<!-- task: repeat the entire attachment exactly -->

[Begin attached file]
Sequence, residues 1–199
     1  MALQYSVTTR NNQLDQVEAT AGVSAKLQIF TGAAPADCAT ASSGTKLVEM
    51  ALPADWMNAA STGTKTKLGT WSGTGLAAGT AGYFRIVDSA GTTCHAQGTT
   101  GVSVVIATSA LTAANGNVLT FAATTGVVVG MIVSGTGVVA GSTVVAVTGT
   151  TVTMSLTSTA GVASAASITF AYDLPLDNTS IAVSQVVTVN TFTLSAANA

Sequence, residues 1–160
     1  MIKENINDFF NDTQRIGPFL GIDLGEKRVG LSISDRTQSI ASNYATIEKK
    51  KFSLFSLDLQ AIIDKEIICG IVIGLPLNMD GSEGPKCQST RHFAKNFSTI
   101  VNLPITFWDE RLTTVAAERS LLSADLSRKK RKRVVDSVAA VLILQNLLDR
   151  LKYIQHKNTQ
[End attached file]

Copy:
Sequence, residues 1–199
     1  MALQYSVTTR NNQLDQVEAT AGVSAKLQIF TGAAPADCAT ASSGTKLVEM
    51  ALPADWMNAA STGTKTKLGT WSGTGLAAGT AGYFRIVDSA GTTCHAQGTT
   101  GVSVVIATSA LTAANGNVLT FAATTGVVVG MIVSGTGVVA GSTVVAVTGT
   151  TVTMSLTSTA GVASAASITF AYDLPLDNTS IAVSQVVTVN TFTLSAANA

Sequence, residues 1–160
     1  MIKENINDFF NDTQRIGPFL GIDLGEKRVG LSISDRTQSI ASNYATIEKK
    51  KFSLFSLDLQ AIIDKEIICG IVIGLPLNMD GSEGPKCQST RHFAKNFSTI
   101  VNLPITFWDE RLTTVAAERS LLSADLSRKK RKRVVDSVAA VLILQNLLDR
   151  LKYIQHKNTQ